ROWELL: Weve already talked about the evolution of loss prevention as a profession and a career. Certification is the next logical step. When you consider educating the rank-and-file LP professional, certification will be a phenomenal process. Think what it will mean to the individual who earns an accredited certification that indicates to the world that they have achieved specific levels of knowledge in the industry. I believe certification is really going to be a driving force to promote our industry moving forward.
EDITOR: Why is education and communication within the loss prevention industry so important to you?
ROWELL: This may sound like a clich, but I look at everyone in the retail industry and especially in loss prevention as being family. If I get an email or voice mail from another LP person, its usually because someone needs something. I will to the best of my ability try and get them what they need whether its just an answer, or whether its product like we did during Hurricane Katrina. If more people would recognize that each of us has a professional responsibility to the industry, just as each of us has a personal responsibility to our family, I believe we would be better off. After all, what would you not do for your family if they needed something? Youd do whatever you could. Thats part of what I try to do. Im not perfect, but I do the best that I can.
EDITOR: Were there individuals in your career who exemplified that attitude and taught that perspective to you?
ROWELL: There are three individuals who molded my mindset regarding loss prevention. One is Gary Manson, the vice president of loss prevention at Neiman Marcus. I worked with Gary for a number of years, and he certainly molded me from that perspective. When I moved to Marshalls, there were two individuals who influenced me.One was Rod Holm, and the other was a fellow named Jim Lee. When it comes to professionalism, when it comes to vision, when it comes to just who you are as a person, these three professionals were instrumental in molding my thought process and how I approach the industry.
EDITOR: Thank you for that. Your approach must also have a positive effect on your LP organization since youve maintained a very stable senior management team. How have you managed to keep your team intact for so long?
ROWELL: Im fortunate that the average tenure of my direct reports is about ten years. In fact, the overall turnover in the department is one of the lowest in the company. It has been as low as eight percent. But to your question, I think one thing thats important is a strong sense of democracy in the team. We make decisions together. Granted, I will have a strong opinion on things, but we talk out issues and listen to feedback from each other. We consistently review our business strategies together, and they’re a part of the decision-making process.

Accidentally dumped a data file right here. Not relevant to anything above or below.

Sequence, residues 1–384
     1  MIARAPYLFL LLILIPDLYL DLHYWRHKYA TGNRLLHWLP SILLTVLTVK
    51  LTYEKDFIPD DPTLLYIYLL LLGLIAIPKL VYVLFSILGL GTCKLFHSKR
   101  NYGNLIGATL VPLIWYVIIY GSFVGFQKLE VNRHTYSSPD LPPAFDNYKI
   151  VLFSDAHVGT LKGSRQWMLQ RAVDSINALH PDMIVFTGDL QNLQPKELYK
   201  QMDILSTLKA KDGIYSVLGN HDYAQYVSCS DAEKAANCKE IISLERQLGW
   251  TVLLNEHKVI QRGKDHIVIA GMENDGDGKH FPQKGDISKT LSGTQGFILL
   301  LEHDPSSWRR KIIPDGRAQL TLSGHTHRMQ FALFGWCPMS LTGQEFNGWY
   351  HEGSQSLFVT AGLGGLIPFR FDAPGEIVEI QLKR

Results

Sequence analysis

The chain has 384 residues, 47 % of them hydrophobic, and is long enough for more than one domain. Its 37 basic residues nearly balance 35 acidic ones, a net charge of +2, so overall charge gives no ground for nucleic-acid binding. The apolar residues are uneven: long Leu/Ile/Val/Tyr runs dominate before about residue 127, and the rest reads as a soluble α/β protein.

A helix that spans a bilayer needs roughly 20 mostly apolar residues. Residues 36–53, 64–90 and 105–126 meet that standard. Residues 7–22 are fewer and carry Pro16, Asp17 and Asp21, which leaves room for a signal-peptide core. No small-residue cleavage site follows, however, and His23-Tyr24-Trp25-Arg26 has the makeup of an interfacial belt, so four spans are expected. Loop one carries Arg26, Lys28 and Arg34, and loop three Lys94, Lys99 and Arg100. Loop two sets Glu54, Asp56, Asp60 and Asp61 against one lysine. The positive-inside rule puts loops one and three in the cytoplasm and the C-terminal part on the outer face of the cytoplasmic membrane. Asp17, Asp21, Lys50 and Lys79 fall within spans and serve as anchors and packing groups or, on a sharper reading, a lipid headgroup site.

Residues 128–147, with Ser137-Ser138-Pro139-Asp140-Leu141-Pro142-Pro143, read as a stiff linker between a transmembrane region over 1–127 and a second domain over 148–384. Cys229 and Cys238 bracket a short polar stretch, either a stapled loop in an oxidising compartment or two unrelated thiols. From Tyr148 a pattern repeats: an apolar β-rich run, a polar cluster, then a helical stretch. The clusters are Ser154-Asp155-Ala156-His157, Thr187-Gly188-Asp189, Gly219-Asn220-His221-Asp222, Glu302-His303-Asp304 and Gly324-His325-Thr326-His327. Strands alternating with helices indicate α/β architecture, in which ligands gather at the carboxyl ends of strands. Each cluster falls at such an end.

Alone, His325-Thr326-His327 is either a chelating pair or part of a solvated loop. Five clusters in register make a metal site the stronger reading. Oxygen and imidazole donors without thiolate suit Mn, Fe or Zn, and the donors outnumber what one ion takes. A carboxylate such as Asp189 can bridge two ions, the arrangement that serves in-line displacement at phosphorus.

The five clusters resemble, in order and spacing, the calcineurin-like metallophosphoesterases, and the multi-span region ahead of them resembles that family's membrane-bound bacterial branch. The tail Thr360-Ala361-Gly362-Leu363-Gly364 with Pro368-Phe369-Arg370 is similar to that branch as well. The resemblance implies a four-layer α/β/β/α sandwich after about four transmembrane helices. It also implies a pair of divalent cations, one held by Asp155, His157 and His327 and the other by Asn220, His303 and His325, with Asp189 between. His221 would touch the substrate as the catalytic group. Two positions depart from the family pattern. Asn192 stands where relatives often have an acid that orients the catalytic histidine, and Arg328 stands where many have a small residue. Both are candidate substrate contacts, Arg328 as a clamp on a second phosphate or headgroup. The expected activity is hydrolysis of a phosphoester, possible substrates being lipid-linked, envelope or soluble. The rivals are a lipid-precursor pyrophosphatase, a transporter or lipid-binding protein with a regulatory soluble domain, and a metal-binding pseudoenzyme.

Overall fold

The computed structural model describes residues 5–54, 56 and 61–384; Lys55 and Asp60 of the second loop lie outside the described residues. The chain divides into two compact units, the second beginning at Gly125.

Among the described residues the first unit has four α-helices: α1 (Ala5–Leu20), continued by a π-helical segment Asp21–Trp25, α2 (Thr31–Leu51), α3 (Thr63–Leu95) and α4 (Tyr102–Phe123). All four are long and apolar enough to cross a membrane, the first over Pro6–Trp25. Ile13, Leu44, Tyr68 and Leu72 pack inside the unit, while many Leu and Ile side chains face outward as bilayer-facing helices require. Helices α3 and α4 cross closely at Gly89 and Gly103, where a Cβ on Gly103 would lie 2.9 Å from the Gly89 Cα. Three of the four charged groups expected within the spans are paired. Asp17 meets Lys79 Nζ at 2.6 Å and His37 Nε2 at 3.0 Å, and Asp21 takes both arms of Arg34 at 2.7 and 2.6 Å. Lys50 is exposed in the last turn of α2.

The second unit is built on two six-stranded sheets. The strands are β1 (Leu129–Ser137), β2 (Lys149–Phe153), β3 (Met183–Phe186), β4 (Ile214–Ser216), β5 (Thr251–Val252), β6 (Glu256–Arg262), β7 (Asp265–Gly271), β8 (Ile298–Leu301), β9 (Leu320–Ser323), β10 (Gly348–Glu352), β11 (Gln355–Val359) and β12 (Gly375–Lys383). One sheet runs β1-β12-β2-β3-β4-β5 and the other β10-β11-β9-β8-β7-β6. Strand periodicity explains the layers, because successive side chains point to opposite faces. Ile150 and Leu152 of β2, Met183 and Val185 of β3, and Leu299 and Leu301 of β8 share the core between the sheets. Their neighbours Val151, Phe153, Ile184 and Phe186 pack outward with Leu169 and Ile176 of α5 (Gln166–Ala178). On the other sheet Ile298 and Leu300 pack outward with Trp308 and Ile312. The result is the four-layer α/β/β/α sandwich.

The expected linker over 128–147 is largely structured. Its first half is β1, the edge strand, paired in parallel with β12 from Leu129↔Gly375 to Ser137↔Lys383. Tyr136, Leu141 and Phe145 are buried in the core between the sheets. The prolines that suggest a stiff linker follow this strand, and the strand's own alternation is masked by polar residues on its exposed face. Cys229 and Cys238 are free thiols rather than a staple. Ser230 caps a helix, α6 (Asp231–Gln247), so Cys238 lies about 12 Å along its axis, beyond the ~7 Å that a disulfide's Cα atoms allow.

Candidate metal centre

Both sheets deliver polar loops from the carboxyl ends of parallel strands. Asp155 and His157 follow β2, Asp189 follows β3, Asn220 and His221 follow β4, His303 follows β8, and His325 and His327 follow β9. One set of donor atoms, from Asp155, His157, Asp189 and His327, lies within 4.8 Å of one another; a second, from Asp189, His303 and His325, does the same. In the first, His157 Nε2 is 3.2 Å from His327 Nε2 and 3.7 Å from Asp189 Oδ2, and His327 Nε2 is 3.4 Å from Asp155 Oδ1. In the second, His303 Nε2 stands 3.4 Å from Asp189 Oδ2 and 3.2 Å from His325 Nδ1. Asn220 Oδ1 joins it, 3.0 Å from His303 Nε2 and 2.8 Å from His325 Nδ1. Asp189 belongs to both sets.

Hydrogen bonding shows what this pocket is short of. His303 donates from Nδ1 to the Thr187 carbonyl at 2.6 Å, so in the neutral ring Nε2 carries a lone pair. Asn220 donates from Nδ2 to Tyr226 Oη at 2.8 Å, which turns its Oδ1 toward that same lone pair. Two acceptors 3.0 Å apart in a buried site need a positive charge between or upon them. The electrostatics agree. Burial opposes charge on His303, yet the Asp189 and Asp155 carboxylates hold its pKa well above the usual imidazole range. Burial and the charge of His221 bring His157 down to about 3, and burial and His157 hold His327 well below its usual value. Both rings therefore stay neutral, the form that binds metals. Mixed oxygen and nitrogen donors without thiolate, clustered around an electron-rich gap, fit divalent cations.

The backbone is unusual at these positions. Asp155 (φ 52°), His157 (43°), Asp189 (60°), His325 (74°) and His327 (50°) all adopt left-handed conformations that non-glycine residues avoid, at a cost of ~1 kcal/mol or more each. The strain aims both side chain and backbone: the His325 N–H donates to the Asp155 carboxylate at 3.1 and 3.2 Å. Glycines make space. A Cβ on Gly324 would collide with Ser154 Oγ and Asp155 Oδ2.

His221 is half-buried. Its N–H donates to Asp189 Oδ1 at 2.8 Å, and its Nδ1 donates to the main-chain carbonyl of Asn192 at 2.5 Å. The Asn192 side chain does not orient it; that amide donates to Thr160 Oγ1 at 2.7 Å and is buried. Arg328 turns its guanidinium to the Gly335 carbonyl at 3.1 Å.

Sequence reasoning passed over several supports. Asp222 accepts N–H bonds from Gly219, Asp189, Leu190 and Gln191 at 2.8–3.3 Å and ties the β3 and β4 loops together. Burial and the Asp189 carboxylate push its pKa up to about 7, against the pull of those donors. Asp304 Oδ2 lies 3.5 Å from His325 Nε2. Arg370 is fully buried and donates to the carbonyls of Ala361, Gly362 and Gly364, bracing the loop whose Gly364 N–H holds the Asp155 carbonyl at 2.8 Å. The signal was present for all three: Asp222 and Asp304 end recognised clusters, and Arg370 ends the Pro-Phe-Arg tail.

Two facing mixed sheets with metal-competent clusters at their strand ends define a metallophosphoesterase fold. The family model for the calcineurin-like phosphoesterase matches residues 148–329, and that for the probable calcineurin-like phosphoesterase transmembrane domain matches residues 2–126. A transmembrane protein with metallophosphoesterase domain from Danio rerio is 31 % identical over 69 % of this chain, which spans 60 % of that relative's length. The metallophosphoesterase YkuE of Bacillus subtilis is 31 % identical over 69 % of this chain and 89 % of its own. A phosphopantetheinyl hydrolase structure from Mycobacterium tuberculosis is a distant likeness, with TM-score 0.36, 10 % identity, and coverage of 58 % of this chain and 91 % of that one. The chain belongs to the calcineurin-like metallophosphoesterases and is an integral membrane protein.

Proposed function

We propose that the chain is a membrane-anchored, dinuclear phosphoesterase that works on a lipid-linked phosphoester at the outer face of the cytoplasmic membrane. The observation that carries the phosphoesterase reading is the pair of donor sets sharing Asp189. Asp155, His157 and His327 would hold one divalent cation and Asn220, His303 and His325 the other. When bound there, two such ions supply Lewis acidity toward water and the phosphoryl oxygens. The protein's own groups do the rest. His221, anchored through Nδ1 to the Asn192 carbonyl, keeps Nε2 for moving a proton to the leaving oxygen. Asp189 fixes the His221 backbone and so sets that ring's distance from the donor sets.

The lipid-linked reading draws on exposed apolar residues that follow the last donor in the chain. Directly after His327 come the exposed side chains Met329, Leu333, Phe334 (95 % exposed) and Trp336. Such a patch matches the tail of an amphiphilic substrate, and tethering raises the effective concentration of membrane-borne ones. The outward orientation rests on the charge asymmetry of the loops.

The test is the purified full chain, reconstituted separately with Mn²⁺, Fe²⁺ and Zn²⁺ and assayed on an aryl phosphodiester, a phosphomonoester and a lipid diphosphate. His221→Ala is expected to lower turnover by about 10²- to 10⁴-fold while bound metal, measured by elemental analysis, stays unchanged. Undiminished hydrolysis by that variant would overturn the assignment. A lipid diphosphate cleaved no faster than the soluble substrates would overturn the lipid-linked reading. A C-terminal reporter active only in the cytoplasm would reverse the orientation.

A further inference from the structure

Secondly, I give them as much autonomy as I can. As the executive running their division or operation, I expect them to come to the table with the ideas, plans, processes, and programs that will work in their individual situation. They need to have the latitude within the broad corporate umbrella to develop and work with their operations and HR teams to come up with what makes sense for that division. What Sharyn Copeland does in the Southern Caribbean division may be different than what Jim Grande does in the West. But, that makes sense when you consider Puerto Rico has a different dynamic to it than the stores in the states.
I also think my people know that Im always there for them. We always work through the agree-to-disagree process out in the field. But if something ends up on my desk, its going to end up on our CFOs desk, the CEOs desk, or our senior VP of operations desk, depending on where it needs to go. All this falls in line with our department operating principles.
EDITOR: What do you mean by operating principles?
ROWELL: At Pep Boys, we have what we call our Loss Prevention Operating Principles, which consists of three key things, or legs, with some additional elements under each.
Our main operating principle is, Develop business partnerships. Thats pretty self-evident. We cant accomplish our goals by ourselves. Unless we have the proper relationship with operations, HR, merchandising, finance, or whomever, were going to be pulling against each other instead of with each other.
Our second principle is, Implement high-quality technical programs that will add shareholder value and make sense for the business.
And the third one is, Be the corporate conscience. By that we mean that we understand what our business risks are, we demonstrate the highest standards in integrity, and we do what’s right for the business. That may mean you dont make the most popular decision, but youve got to do whats right for the business.
EDITOR: How do you communicate these principles?
ROWELL: Whether you are an area LP manager, a DC LP manager, or a division director, each of us carries what we call our role card. On one side of the card are the three principles. On the other side are those things that are expected of you in your specific role. It gives each person a road map of whats expected of them. By trying to keep people focused on some key principles, I think we dictate who we are as a loss prevention professional in the department and who we are as an organization within Pep Boys. Its one thing Im very proud of in our organization.
EDITOR: What else are you proud of?
ROWELL: Theres nothing that Im more proud of than when operations comes to LP for advice on how to run the business. Theres nothing that makes me more proud than when operations comes to LP because they want an LP professional to become a district sales manager or a retail sales manager. Because that just proves the point that we are global in our thinking; that were just not cops-and-robbers type people. We are retail business professionals who just happen to have a slant on LP.